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Eye-Rolling Ex-Pharmaceutical Chief Makes Spectacle of Himself at Congressional Hearing, Mocks Lawmakers on Twitter

“I have never seen the committee treated with so much contempt."

Controversial Former Pharmaceutical CEO Martin Shkreli Testifies On Oversight In Drug Market (Mark Wilson/Getty Images)

Onetime pharmaceutical executive Martin Shkreli appeared on Capitol Hill Thursday before a House Oversight Committee hearing that was primarily focused on Shkreli’s decision to hike the price of a generic medication used to treat cancer and AIDS patients by 5,000 percent. A move that provoked national outrage.

The former CEO of Turing Pharmaceuticals was unapologetic, rolled his eyes, invoked his Fifth Amendment rights and even took to Twitter after it was all over, calling his congressional examiners “imbeciles.”

Martin Shkreli, former CEO of Turing Pharmaceuticals LLC., smiles while flanked by Nancy Retzlaff, chief commercial officer for Turing Pharmaceuticals LLC., during a House Oversight and Government Reform Committee hearing on Capitol Hill Thursday. (Mark Wilson/Getty Images)

Shkreli, the typically outspoken 32-year-old declined to answer lawmakers’ questions.

At one point during the hearing, Shkreli’s behavior prompted Rep. Elijah Cummings, D-Md., to ask, “Are you even paying attention?”

“It’s not funny, Mr. Shkreli,” Cummings said. “People are dying.”

Rep. John Mica, R-Fla., noted that he had “never seen the committee treated with so much contempt.”

Shkreli's lawyer Ben Brafman tried to explain that his client wasn't being disrespectful but that his seemingly rude behavior was the result of nervous energy.

Brafman told Fox News that his client isn't a villain but "a hero."

After walking out of the hearing, Shkreli tweeted, "Hard to accept that these imbeciles represent the people in our government."

The hearing focused on major problems with the prescription drug market: price increases, obscure pricing and regulations for generic drug alternatives.

Cummings, who said he pushed for Shkreli's hearing for seven months, said, “There is something about this issue that just gnaws at me 24-7.”

Cummings submitted a dozen letters for the record Thursday from medical associations, consumer groups and coalitions that explain how surging prices for lifesaving medications are preventing some of the nation’s most at risk patients from receiving the treatment they need.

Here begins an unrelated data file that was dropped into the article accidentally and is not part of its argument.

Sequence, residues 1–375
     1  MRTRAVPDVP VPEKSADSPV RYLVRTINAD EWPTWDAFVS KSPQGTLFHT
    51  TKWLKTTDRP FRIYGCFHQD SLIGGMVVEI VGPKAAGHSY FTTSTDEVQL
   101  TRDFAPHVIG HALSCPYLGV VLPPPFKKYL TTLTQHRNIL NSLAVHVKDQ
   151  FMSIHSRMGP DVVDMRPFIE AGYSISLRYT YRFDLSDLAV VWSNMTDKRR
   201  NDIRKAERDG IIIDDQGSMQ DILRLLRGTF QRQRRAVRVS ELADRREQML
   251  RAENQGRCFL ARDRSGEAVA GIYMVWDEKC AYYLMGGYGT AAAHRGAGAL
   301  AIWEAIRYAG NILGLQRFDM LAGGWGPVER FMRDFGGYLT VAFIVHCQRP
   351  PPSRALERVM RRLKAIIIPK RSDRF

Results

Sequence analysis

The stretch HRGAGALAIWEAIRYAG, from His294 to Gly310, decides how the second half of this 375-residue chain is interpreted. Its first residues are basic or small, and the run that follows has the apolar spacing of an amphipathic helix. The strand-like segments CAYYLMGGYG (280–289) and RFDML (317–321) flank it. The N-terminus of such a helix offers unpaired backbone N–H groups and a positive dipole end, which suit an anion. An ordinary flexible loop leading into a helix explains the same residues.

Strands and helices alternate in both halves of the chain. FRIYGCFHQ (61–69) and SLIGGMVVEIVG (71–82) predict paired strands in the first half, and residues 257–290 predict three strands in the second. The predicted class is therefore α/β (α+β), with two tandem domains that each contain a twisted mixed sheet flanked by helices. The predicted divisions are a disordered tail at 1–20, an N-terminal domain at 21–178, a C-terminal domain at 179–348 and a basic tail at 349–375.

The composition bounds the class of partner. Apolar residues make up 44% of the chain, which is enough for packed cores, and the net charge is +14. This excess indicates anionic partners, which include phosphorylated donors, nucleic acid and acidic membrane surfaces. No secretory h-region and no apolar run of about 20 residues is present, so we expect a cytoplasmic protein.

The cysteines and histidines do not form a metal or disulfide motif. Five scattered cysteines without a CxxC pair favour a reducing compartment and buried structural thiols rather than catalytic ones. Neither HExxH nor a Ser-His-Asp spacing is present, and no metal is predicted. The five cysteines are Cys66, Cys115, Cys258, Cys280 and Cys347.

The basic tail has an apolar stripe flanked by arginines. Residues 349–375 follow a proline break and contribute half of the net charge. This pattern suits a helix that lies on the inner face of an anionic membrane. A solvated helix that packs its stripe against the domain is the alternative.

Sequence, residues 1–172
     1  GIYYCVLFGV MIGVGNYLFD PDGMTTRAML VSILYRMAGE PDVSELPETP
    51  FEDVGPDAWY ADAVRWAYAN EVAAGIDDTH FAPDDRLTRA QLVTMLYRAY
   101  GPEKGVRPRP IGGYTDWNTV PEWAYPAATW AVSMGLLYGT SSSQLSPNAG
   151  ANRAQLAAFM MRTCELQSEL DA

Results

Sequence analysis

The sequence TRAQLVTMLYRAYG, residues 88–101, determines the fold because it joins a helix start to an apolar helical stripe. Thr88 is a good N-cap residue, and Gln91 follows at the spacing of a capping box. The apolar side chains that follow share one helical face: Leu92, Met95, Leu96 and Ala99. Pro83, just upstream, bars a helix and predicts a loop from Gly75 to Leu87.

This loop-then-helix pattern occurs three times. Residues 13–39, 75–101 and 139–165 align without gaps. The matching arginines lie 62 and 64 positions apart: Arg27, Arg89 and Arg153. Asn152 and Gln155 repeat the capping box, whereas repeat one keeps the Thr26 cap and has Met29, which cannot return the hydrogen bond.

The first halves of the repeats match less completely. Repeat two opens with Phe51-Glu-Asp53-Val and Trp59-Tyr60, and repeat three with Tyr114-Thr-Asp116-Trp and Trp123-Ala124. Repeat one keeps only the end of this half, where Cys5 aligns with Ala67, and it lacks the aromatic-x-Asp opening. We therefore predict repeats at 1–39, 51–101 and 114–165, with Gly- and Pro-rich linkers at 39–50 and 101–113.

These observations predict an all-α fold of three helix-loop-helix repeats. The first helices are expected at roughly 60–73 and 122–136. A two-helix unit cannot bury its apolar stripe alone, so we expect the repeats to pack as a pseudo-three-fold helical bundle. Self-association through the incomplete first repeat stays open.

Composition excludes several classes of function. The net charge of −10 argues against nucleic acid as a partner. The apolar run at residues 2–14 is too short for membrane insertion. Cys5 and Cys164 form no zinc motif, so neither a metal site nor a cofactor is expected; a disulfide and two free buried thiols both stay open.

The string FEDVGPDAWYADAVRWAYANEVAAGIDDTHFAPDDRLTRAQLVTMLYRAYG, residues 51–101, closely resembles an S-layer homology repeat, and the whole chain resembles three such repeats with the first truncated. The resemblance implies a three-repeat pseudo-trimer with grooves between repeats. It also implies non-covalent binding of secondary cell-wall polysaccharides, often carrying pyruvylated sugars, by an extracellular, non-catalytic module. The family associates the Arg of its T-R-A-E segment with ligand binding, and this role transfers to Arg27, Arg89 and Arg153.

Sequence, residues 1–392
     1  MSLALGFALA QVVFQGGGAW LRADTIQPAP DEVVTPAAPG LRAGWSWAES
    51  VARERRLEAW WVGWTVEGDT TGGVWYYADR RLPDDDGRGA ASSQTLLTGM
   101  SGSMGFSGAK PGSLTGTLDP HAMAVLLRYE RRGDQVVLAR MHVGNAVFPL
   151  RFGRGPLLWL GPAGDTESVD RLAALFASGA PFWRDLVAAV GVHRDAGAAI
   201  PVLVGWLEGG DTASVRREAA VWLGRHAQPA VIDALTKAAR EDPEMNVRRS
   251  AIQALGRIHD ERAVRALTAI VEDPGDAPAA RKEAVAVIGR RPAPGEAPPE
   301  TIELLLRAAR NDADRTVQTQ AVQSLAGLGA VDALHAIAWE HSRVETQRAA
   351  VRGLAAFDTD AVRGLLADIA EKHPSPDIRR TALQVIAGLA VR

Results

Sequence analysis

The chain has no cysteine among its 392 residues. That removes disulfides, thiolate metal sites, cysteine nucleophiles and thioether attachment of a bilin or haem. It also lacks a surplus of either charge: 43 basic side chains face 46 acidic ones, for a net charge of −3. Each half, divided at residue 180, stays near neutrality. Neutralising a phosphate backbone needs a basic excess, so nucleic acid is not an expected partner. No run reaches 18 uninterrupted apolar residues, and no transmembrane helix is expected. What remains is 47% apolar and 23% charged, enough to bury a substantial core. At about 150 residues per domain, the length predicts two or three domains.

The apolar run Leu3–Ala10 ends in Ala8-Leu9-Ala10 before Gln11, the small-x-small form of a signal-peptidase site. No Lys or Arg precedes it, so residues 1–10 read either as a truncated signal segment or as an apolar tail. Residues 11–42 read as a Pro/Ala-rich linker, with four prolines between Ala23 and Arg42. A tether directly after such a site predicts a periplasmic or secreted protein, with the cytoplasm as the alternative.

The entrepreneur and former hedge fund manager also faces separate criminal charges for securities fraud in connection with another company he owned.

The lawmakers summoned Shkreli to answer for his decision to drastically hike the price of Daraprim, the only drug approved to treat a rare and sometimes deadly parasitic infection, from $13.50 to $750 per capsule.

Shkreli pleaded not guilty after the December securities probe conducted by the FBI resulted in his arrest in New York.

Turing’s chief commercial officer, Nancy Retzlaff also appeared before the lawmakers Thursday, along with the interim CEO of Canada's largest drugmaker, Valeant Pharmaceuticals, Howard Schiller.

Controversial former pharmaceutical CEO Martin Shkreli testifies on oversight in drug market on Capitol Hill Thursday. (Mark Wilson/Getty Images)

Documents from Valeant and Turing show they have a history of buying and then dramatically raising prices of low-cost but lifesaving drugs administered to patients with life-threatening conditions like heart disease, AIDS and cancer, according to excerpts released by the House panel this week.

The two executives stressed their commitment to making sure that cost does not deter patients from receiving the drugs they need.

"To our knowledge, no patient needs to pay $750 per pill for Daraprim," Retzlaff said.

She told the panel that about two-thirds of patients get it through government assistance programs and receive a discounted price of a penny a pill.

Schiller said in his testimony that Valeant has "heard very clearly" public concern over drug prices and is taking action with initiative like a price rebate program with significant discounts for deals with big hospital purchasing groups.

But the documents presented at the hearing appeared to show that executives at both companies planned to maximize profits while evading public uproar over the price hikes.

The documents include presentations by Turing executives, which revealed that the company planned to turn Daraprim into a $200-million-a-year drug by dramatically increasing its price as early as last May.

Shkreli said in an email to one contact: "We raised the price from $1,700 per bottle to $75,000. Should be a very handsome investment for all of us."

Shortly afterwards, the company warned in an internal memo that advocates for HIV patients might react negatively to the price hike.

According to the memo, Valeant used patient assistance programs to distract attention and justify the price increase.

It's unclear what the future looks like for the disgraced CEO, but after Thursday's hearing, folks on Twitter seemed to have fun with his bold and brazen behavior:

As for Shkreli, he didn't appear to be concerned either. In fact, he seemed to have treated the whole event as a joke:

(H/T: Fox News)

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